We finally got underway, having the first of our wonderful meals, before arriving at Norman Reef for our afternoon dives at a site called Troppos. This site has a pretty reef wall and coral gardens, but for our first dive we went a little deeper, exploring the sand and bommies at 22m. Here we found two Coral Sea maskrays getting cleaned by common cleaner wrasse. We also spotted mantis shrimps, shrimp gobies, glider gobies and a good number of whitepatch razorfish. These fish are usually extremely shy, diving into the sand as soon as you get close, but we managed to sneak up on one juvenile and get a few photos.

On our second dive at Troppos we explored the coral gardens, seeing a wonderful variety of reef fish. But with a macro lens on the camera we looked for smaller subjects, finding dottybacks, blennies and some pretty girdled cardinalfish. With 15m visibility and 24°C water temperature it was a great start to the trip.

Cool 20 knot southerly winds were blowing all day, which is typical north Queensland winter weather, but sheltered behind the reef the conditions were calm on the surface, if a little chilly. Some went for a night dive, while others decided to see the sharks after dark, lying on the duckboard as the crew threw in baits to several grey reef sharks. We stayed nice and dry and watched the action from above.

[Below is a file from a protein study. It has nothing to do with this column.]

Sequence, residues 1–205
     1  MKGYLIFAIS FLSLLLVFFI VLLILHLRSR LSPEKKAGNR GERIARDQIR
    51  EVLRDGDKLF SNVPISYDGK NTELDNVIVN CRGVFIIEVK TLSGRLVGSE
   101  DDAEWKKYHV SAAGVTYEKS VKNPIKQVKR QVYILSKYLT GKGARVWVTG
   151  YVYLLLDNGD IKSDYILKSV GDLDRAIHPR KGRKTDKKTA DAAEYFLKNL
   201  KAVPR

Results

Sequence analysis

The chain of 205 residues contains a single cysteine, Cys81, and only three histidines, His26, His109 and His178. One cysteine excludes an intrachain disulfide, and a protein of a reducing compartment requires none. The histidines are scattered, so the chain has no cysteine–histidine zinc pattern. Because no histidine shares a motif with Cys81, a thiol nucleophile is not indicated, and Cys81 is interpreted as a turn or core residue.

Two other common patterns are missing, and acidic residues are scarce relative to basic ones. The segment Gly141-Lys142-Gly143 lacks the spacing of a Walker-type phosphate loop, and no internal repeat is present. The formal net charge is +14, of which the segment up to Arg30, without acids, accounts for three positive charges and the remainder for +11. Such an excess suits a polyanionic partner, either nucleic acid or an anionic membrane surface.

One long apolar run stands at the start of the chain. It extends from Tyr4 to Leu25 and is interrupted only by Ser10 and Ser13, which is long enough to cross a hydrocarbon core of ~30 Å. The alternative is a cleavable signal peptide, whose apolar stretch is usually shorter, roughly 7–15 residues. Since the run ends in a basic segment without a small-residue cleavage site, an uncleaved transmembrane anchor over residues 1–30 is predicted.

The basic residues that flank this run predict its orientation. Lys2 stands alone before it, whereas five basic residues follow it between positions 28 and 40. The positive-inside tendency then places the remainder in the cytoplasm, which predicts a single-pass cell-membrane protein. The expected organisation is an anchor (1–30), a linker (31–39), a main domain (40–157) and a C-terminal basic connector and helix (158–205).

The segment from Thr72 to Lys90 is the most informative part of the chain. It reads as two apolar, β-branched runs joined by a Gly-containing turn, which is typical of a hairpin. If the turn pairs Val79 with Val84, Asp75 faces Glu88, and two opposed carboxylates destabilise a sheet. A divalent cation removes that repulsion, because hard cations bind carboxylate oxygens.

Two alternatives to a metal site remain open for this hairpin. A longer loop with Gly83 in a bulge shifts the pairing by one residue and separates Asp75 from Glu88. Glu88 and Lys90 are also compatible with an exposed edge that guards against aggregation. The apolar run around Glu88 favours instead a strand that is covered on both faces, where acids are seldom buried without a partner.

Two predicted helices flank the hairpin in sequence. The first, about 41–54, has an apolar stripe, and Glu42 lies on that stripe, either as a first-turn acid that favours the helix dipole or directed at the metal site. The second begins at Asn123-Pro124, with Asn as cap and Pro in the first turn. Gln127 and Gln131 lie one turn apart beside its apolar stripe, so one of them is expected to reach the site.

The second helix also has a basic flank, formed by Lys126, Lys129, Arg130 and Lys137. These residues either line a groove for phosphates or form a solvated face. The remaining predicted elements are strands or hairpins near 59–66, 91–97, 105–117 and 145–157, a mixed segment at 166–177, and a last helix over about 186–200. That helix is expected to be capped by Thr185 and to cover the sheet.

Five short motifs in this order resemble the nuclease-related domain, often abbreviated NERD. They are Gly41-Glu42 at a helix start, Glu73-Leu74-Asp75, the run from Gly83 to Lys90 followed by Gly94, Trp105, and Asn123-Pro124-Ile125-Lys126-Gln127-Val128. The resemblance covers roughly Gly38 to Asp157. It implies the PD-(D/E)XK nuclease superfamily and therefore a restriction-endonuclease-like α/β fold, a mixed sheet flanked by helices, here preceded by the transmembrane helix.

Overnight we headed north, waking in the morning at Ribbon Reef No.3 at the always amazing Steve’s Bommie. And it didn’t take long for the first minke whales to appear. While most of us went for a dive, the snorkellers in our group jumped in for their first minke encounter (we had all been briefed on the minke rules and regulations the night before).

Steve’s Bommie was as brilliant as ever, 20m visibility, 25°C water temperature and fish everywhere. We encountered a great assortment of wrasses, surgeonfish, butterflyfish, snappers, batfish, unicornfish, angelfish, rock cods, gropers, scorpionfish and fusiliers. With the macro lens still on the camera, we concentrated on the small stuff, finding mantis shrimps, flatworms, leopard blennies, nudibranchs, pipefish, anemonefish, harlequin filefish, hawkfish and a lovely leaf scorpionfish.

Between dives most of the group jumped in for their first minke encounter, but the whales had lost interest by then and were hanging in the distance. We enjoyed a repeat dive at Steve’s Bommie, and this time found several of the resident reef stonefish. On the swim back to the boat we had our first minke encounter when a 5m long whale slowly glided below us, barely 3m away.